US plays break-up artist as panic envelops Pfallergan
While it was unable to stop every US company from migrating overseas to lower taxes, President Obama’s Treasury Department has bagged one big pharma trophy and now has another in its sights.
Killing AbbVie’s play on Shire was significant, but now the biggest-ever pharma acquisition is in jeopardy thanks to a new tax proposal that could effectively give Allergan a US domicile for up to two more years, ruining Pfizer’s plans to knock eight points from its 25% tax rate. Allergan shares dropped 16% in early trading today as investors feared a repeat of the Shabbvie break-up (Shabbvie is dead; long live Shire, October 16, 2014).
The big reason to worry: while the new Internal Revenue Service-proposed regulations might never be implemented, and indeed might not withstand a court challenge, the sentinel effect might just give Pfizer cold feet about the deal.
It took AbbVie about a month to realise that a set of tax regulations made its abortive Shire takeout less beneficial, and without a Pfizer statement confirming its intent to follow through on Allergan investors fear a repeat of this scenario (New US anti-inversion rules spark investor flight, September 23, 2014). Pfizer can buy itself some time by pointing to its need to read through all 340 pages of the regulations before commenting, but sooner or later investors will demand a response.
The size of the break fee will offer some consolation to Pfizer if this scenario comes to pass. At $400m it is small compared with the $1.6bn AbbVie paid out to Shire, which turned the UK-headquartered company from prey to predator, allowing it to pursue Baxalta.
What the government has proposed is a change in the foreign ownership thresholds that would allow for a legal overseas “inversion” of a US-based company. Effectively, the IRS is tightening up how it calculates the ownership share of the combined company that is seeking an overseas domicile and lower tax rates.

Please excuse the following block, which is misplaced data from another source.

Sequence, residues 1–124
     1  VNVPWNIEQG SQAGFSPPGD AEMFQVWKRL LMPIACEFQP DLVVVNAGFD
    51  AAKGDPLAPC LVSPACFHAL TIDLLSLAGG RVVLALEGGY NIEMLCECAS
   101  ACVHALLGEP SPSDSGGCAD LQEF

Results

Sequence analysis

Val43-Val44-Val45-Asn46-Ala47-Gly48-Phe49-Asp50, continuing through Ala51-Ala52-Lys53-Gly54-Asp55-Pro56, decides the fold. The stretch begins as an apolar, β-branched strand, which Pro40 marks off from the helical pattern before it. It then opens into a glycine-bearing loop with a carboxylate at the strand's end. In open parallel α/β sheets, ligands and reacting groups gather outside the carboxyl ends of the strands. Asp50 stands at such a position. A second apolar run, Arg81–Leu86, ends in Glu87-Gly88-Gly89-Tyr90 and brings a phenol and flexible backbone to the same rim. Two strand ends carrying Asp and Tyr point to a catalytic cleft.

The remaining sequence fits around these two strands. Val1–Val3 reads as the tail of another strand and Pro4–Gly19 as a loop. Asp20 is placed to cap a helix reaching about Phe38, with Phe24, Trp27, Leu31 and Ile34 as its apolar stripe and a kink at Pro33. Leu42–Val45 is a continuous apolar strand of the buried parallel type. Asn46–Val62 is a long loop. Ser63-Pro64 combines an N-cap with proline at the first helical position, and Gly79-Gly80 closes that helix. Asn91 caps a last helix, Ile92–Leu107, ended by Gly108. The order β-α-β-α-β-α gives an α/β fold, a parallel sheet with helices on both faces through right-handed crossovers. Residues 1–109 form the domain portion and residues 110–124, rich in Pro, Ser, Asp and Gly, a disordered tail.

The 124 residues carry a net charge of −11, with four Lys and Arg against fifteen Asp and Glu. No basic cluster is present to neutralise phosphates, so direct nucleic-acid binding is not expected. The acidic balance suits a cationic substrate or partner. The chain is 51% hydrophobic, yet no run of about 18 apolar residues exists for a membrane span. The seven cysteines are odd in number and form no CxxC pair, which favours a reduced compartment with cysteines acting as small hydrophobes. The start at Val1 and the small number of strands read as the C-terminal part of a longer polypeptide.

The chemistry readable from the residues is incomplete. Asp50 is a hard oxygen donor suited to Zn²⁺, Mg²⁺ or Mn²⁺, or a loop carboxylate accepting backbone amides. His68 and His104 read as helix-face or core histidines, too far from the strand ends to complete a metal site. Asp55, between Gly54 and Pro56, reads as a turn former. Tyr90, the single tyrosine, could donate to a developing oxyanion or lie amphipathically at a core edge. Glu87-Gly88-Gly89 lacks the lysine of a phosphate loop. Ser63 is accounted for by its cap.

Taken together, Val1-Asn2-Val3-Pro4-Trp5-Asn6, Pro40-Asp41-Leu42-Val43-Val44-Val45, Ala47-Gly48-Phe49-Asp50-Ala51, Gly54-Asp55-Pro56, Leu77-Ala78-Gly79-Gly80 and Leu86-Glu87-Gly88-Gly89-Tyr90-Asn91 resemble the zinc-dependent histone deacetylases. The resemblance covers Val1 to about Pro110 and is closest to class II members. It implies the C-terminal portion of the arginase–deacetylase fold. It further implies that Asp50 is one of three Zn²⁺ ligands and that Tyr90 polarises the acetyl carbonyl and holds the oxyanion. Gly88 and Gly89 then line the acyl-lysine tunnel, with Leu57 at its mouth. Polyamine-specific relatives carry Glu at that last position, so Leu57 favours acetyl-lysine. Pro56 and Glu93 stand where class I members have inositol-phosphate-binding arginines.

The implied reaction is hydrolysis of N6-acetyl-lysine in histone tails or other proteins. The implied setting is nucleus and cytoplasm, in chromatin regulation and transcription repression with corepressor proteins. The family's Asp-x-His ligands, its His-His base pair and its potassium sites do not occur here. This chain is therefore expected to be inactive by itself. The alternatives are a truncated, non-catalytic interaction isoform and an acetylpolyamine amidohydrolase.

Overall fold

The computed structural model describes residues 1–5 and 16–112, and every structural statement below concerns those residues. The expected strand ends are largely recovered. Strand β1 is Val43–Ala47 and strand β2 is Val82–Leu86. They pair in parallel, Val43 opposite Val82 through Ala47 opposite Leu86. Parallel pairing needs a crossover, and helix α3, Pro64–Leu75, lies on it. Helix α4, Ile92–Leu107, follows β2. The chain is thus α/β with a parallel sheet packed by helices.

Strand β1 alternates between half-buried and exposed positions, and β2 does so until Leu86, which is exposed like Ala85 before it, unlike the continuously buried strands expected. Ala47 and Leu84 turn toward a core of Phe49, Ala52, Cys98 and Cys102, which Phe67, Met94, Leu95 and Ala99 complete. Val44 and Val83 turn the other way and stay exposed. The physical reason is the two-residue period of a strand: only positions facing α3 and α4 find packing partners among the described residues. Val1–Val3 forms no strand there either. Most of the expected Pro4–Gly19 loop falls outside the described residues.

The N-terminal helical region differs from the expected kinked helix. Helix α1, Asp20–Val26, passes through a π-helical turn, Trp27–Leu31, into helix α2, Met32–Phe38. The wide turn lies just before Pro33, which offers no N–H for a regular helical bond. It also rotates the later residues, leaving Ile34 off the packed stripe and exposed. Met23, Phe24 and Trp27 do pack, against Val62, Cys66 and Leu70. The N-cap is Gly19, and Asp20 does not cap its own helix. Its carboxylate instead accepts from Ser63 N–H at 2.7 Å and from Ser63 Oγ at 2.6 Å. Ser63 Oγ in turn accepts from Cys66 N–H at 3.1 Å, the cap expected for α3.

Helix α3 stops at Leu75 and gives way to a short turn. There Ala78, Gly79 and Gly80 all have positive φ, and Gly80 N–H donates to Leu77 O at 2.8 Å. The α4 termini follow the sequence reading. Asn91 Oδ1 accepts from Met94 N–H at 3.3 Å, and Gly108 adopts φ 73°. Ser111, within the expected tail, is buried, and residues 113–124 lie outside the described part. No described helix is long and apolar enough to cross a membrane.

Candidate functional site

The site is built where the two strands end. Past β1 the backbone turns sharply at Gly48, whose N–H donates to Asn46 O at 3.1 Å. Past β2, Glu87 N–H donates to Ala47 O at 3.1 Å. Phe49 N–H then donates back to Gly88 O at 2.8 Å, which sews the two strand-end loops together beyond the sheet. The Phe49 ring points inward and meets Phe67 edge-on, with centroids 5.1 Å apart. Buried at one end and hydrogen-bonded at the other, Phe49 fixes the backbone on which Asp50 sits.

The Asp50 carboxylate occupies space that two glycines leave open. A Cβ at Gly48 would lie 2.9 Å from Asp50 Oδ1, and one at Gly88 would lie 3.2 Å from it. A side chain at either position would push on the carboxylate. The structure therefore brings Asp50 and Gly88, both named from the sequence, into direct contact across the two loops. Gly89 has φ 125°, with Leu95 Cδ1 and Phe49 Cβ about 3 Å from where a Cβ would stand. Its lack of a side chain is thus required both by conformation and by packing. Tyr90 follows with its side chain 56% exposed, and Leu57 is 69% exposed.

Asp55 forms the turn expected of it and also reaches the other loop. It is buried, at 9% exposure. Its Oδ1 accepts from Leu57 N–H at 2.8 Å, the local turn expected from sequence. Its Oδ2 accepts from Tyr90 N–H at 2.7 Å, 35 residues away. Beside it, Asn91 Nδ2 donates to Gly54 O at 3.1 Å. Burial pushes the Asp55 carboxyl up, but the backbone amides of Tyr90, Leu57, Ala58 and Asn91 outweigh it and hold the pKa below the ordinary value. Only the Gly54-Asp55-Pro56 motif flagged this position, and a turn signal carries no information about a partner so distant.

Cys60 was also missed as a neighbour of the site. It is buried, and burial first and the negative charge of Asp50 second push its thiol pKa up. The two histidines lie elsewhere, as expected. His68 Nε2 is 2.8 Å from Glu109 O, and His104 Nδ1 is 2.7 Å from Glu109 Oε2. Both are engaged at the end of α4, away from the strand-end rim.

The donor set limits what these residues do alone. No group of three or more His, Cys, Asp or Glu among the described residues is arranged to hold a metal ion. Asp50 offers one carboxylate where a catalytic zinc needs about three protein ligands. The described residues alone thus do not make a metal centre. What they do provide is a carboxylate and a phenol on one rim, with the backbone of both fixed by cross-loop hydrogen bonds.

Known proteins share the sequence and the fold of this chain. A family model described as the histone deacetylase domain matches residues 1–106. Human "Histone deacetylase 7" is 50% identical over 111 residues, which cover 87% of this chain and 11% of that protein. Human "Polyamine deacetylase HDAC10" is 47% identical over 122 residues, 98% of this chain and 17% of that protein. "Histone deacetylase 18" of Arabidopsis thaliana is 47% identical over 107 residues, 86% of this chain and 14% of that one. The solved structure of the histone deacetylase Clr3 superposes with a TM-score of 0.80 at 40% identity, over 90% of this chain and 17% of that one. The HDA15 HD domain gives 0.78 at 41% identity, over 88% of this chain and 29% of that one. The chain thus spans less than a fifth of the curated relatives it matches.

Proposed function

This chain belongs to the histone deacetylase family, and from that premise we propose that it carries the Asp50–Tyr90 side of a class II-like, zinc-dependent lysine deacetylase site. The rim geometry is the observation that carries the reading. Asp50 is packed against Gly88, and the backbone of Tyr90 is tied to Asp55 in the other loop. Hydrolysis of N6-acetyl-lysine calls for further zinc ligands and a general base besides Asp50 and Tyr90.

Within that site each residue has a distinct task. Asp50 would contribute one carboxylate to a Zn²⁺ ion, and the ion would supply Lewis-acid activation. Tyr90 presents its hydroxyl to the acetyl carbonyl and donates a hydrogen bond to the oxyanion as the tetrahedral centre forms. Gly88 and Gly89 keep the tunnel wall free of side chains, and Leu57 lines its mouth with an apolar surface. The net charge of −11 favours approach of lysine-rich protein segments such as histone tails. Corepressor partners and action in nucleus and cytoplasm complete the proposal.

This involves ignoring the overseas acquired entity's own acquisitions made less than three years ago. Evercore ISI analyst Umer Raffat said this three-year lookback eliminated from the calculation all deals since Warner Chilcott, putting Allergan below a 20% ownership threshold.
This threshold is important since, to discourage inversions, the IRS has for some time already required that shareholders in the overseas acquirer must own a certain amount of the combined company before freeing it from US tax laws.
Originally the threshold was 20%, but it has been tightened to 40% in instances in which companies do not have a big enough business presence in their country of domicile – in Allergan’s case, Ireland – a standard that few companies meet.
When the Allergan acquisition was announced its shareholders were estimated to constitute 44% of the combined company’s new owners, thus qualifying Pfizer for an inversion (All hail Pfallergan, November 23, 2015). Yesterday’s IRS proposal raises the bar even higher.
Treasury Secretary Jacob Lew referred to the practice of “serial inversions”, and is squarely targeting the Pfizer-Allergan deal.
Allergan gained its overseas domicile through a complicated set of transactions. It was a company once known as Actavis, which bought Warner Chilcott in 2013, giving it a corporate home in Ireland. It then added bulk with takeouts of Forest Laboratories in 2014, and in 2015 with the company called Allergan, from which it now takes its name.
The last two transactions were worth nearly $100bn combined, and Allergan today is valued at $109bn versus Pfizer’s $190bn.
The narrative underlying Pfizer has been its need for strategic decisions to fill its pipeline or unlock value by splitting the group into three companies. The New York-based company’s M&A manoeuvres of the last couple of years – an attempt on AstraZeneca failed in 2014 – have been assumed to be an effort to strengthen the divisions it will eventually cleave off, and not incidentally boost the bottom line of each by re-domiciling and lowering taxes.
There have been sceptics who believe that this strategic outcome will never come to pass as Pfizer’s history has been almost exclusively one of acquisition. In any case, the group has signalled its desire to lower its tax rate, meaning that big pharma targets, and ones without the baggage of recent inversions, become attractive once again. AstraZeneca re-enters the frame, as well as GlaxoSmithKline, which is re-mapping its own strategic course for a future without the acquisition-averse Sir Andrew Witty at its helm.
If Pfizer likes Allergan’s offerings, regardless of the tax rate, it is not saying. It owes its own investors and those of its target a yes or no answer. Today’s sole press release discussing new Xeljanz data only makes the silence more foreboding.